Agatha and Mary’s Grand Day Out


Oh Mary dear, do come in.  I was just thinking about our wonderful day out at the fabulous V&A Museum.

Yes dear one, it was rather splendid and that carrot cake was heavenly.  There was so much to see, that my head is still spinning with it all.  And of course, one can’t forget the train journey – no delays, plenty of seats and on time!  Miraculous my dear.

Indeed so dear, here have a cup of Assam to soothe yourself.  Ethel has made some wonderful little macarons for us – the raspberry and vanilla are just quite delicious.

Oh thank you Agatha.  The “Undressed” exhibition is quite a revelation. You know I did find it quite fascinating to see Fanny Harvey Fleetwood Raper’s corset on display.    I seem to remember dear Mama talking about Fanny in very hushed tones.  

Ah, Mary dear, yes and I don’t believe it was for her absolutely tiny waist.  In those days 18 inches was quite normal.  That corset would barely fit around my arm, let alone my waist.  And the whalebone and steel reinforcements!  It makes me wince to remember how constricting they were.  And how was it even possible to breathe?


Well, as we know, sometimes women did pass out.  And they suffered spinal deformities in pursuit of the perfect shape. But I do remember Mother getting quite agitated over the new softer elastic corsets.  She always used to say that going out without proper reinforcement  was like two pigs fighting in a blanket!

Mary dear, I think it’s quite dependent on the size of one’s endowment – As you well know we’ve had some near misses with you, particularly when you have unleashed your upper regions during our belly dancing events.   I personally couldn’t imagine what would happen if we didn’t have some sort of device to ‘divide and conquer’ so to speak.

And of course, as we saw in the Undressed exhibition, female emancipation started to loosen women’s stays and some quite unusual garments were born.

Oh yes, I absolutely loved the Dinner Pyjamas.  The black velvet with embellishments was just divine.  One could totally imagine wearing those of an evening.  With Gin and Tonic and elegant canapes with friends.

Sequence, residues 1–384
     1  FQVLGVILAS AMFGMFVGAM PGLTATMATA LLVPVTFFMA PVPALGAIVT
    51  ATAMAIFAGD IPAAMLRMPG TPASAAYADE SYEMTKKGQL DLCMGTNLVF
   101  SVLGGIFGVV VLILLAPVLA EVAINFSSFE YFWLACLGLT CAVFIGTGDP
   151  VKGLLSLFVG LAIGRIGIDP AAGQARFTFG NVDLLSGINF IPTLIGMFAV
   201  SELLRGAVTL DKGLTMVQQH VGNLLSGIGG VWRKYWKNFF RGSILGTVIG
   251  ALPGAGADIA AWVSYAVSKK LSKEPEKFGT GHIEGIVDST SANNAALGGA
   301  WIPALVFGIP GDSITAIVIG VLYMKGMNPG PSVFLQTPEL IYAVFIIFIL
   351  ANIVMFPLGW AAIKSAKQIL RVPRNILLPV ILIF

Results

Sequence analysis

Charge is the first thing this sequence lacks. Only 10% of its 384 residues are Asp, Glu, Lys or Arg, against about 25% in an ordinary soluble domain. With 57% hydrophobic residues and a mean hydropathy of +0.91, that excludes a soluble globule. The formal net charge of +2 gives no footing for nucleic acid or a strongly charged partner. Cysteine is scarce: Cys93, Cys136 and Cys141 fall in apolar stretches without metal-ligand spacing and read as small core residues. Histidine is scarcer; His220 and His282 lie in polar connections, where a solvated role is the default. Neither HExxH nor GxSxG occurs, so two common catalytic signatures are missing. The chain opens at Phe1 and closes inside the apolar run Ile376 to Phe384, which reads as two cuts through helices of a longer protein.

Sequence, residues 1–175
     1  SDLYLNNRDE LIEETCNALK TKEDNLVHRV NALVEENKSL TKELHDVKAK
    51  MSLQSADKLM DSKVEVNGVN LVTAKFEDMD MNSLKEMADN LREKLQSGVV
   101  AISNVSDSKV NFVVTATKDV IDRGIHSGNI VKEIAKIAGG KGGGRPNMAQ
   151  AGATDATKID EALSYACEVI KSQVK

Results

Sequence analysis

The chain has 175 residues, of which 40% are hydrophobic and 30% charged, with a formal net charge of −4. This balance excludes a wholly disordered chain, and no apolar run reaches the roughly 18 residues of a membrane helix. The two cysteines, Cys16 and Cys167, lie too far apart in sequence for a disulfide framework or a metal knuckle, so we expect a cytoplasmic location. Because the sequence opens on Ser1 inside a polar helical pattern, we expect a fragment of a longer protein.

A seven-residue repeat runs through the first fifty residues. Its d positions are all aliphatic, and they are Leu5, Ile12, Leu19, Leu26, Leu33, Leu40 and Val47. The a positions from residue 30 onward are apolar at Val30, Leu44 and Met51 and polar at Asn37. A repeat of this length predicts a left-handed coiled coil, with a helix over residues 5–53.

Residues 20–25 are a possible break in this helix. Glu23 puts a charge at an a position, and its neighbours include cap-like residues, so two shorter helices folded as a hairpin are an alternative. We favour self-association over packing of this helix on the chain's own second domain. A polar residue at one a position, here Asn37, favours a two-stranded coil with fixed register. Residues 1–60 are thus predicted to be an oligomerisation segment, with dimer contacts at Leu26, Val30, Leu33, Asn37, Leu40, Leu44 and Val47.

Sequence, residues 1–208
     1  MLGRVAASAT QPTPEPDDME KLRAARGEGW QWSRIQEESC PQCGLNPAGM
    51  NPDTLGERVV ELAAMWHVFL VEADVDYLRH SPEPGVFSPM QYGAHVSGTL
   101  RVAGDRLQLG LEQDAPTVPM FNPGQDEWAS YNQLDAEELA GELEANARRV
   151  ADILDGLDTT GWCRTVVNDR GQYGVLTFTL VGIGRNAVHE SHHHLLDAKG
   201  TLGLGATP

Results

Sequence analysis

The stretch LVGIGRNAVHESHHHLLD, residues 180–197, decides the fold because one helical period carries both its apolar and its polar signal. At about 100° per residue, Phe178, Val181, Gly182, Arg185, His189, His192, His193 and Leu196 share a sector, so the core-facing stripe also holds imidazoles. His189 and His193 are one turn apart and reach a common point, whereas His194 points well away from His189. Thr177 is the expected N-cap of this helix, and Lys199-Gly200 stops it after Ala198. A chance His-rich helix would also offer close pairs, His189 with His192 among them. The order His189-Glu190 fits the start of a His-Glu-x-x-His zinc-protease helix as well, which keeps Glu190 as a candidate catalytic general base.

Or on one’s tod – with Gin and Tonic in front of the television.

Super darling.  But I was a little perturbed by the fact that this was a one-piece garment. Difficulties arise when one needs to use the bathroom after a couple of gins.

Oh but dear one, don’t you remember, they were open at the crotch?

That sounds rather unpleasant dear.  One can only imagine…..

Quite, dear, one should perhaps gloss over the small details.  However, the attention to detail and the quality of the work at the exhibition was just mesmerising.

Indeed dear – just like the medieval embroidery, although I would have liked to know how the actual garments were constructed after all the work was done.  The weight alone of the gold thread must be quite something and then you have the heavy fabrics they used in those days.  The clergy who wore these lavish garments must have been immensely strong.  Either that or they shrunk an inch at the end of each wearing.

Quite so dear, quite so, but I did like the fact that when they were due to be replaced, they were used as altar covers – quite ingenious and a fantastic way of recycling a garment.

Talking of that dear one, do you like my bag?

Well I must say dear, I do.  Although it’s rather bohemian.   Are you going through a mid-life image crisis dear?

Agatha!  You and I both know that those days are well and truly behind us.  No, I was inspired by a charming cloth bag we saw in the V&A shop and happened to be visiting Fenella Hart-Worthing at her charity shop and found this lovely little mini skirt.  I thought it would make an excellent small bag and decided that I may be able to make some and let Fenella sell them at her charity shop.


What a splendid idea Mary.  Your needlepoint is just what it used to be and the colours are quite lovely.  It’s charming.

Thank you Agatha dear.  I am rather pleased with it and of course, the beauty is that it is already lined and has pockets – all I really needed to do was a little bit of re-styling and finding a means of adding a strap.  It’s kept me busy while the Count has been keeping himself in the West Wing on his top secret project.

Ooh, what’s that about dear?

I’m not entirely sure dear one, but it’s something to do with his cousin in America and the new president and his attitude towards women and non-nationals.

Well my dear, I think that will take at least 4 years to resolve.  All we can do as women is stand together and be strong.  And, whilst we’re on the subject I do find it a tad ironic that a film about Jackie Kennedy is just being released.

Yes indeed dear, we will have to see what the new first lady does, but she has a very hard act to follow.

Indeed dear she does, but all of this does rather make one think of the lovely William Golding.

How so Agatha dear?

Well, I know we haven’t seen him here for years, Papa used to be very fond of him you know.

Agatha, really dear – he’s been dead some  13 years!

That would explain why he hasn’t been round for dinner then Mary dear!  What a shame, he was so very forward thinking… his view on women was quite exceptional.


Yes indeed, and wouldn’t the world be a better place if more thought in the same way.

Quite.  Another macaron dear?


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